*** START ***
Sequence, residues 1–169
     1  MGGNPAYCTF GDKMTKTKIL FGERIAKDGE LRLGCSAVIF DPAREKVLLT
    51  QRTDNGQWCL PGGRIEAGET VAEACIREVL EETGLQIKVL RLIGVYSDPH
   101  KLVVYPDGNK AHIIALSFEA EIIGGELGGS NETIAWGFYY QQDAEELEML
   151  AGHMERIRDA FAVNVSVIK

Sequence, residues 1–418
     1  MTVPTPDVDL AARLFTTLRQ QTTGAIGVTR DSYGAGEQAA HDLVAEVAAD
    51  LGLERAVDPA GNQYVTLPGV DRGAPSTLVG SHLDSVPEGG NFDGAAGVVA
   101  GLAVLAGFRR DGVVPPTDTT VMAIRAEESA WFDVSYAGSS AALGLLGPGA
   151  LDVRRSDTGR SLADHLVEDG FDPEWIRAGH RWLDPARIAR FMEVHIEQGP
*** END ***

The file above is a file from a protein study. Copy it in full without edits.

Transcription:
Sequence, residues 1–169
     1  MGGNPAYCTF GDKMTKTKIL FGERIAKDGE LRLGCSAVIF DPAREKVLLT
    51  QRTDNGQWCL PGGRIEAGET VAEACIREVL EETGLQIKVL RLIGVYSDPH
   101  KLVVYPDGNK AHIIALSFEA EIIGGELGGS NETIAWGFYY QQDAEELEML
   151  AGHMERIRDA FAVNVSVIK

Sequence, residues 1–418
     1  MTVPTPDVDL AARLFTTLRQ QTTGAIGVTR DSYGAGEQAA HDLVAEVAAD
    51  LGLERAVDPA GNQYVTLPGV DRGAPSTLVG SHLDSVPEGG NFDGAAGVVA
   101  GLAVLAGFRR DGVVPPTDTT VMAIRAEESA WFDVSYAGSS AALGLLGPGA
   151  LDVRRSDTGR SLADHLVEDG FDPEWIRAGH RWLDPARIAR FMEVHIEQGP